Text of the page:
By keeping these questions in mind as you establish your job leveling framework, you’ll be better equipped to respond to any questions your employees may have about their job title, duties, and compensation.
Another thing to keep in mind as you create your job leveling strategy is that it should be easy to use and also easy to communicate to managers. This enables everyone within your organization to understand their role and know how to discuss this structure with their direct reports, teams, and supervisors.
A few aspects to consider when creating your job leveling system include:
There are many other aspects that can inform your approach to job leveling. But, what it boils down to, as a report on job architecture by Deloitte found, is that job leveling is a “sound, easy-to-use system for determining the value of jobs based on talent drivers, business needs, and market practices.”
Additionally, the Deloitte report stated that when done properly, job leveling is a “consistent methodology and decision support for assigning job levels and titles that are based on enterprise-wide criteria, which eliminates guesswork and promotes trust and confidence in the organization’s job assignments and rewards practices.”
In order for any job leveling structure to be effective, People leaders need to match the job leveling system to the needs of the organization.
“I always like to start with the ‘why,’” Dabby said. “Which means, before we open a job requisition and hire someone new, we have hiring managers complete a hiring scorecard, which covers why we need the position, what our expectations are, what our desired outcomes are, and what key competencies this person needs in order to be successful in this position. Then we design an interview process to reflect what’s in the hiring scorecard.”
“I think in People operations it's easy to produce work, but without the context it can just be bureaucracy that annoys people,” she continued.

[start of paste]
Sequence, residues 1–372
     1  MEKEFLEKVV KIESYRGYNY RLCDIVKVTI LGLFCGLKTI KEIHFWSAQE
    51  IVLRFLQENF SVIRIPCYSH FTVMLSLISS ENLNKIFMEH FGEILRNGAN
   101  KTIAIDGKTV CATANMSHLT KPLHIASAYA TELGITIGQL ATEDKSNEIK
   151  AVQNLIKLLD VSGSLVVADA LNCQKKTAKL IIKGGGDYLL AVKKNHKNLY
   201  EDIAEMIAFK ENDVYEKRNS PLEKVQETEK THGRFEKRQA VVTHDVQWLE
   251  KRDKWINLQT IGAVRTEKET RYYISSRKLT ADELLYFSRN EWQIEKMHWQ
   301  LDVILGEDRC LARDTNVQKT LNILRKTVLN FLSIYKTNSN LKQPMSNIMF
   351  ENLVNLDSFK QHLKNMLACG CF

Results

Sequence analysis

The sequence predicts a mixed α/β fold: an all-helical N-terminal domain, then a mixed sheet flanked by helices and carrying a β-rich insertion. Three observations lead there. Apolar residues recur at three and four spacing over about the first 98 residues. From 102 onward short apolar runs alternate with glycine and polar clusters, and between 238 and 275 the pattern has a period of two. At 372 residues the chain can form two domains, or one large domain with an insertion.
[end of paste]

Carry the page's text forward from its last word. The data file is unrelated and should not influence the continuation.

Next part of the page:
Another important factor to consider is that specific roles within an organization have specific requirements. Dabby explained how this approach worked for her when she was recently recruiting engineers.
“Rather than trying to solve every problem, we knew we needed to be clear in our job leveling framework to give our engineers a sense of progress in our company,” she said. “So we looked at what we were trying to accomplish [in the moment].”
Once Dabby and her team were clear on their goal, the People team worked closely with hiring managers. “From there, I gathered lots of job descriptions on LinkedIn and I looked at similarities and differences and then reviewed these job descriptions with the hiring manager,” she said. “Then we began our evaluation based on the attributes of what makes a great employee for our company. As we had more discussions internally, we learned that good communication was the number one criteria, and now that informs our job leveling and job descriptions for different engineering roles.”
Job leveling gives Human Resources a starting point when it comes to building out teams and organizations. “You have a framework you can share with employees — you have a document, and concrete information you can share with them as well. In it, there can be specific requirements for employees, and you can tell that person their strengths, and where they need to develop and how it will get them on the path they want,” Charania said. “This is incredibly valuable as you help someone understand what the concrete things are that they have to focus on.”
With the right job leveling structure in place, you can create an environment that fosters the success of employees within your organization. The more your job leveling is informed by market comparisons, hiring managers, and employee feedback, the more it will be catered to the needs of your specific company and create a more equitable workplace.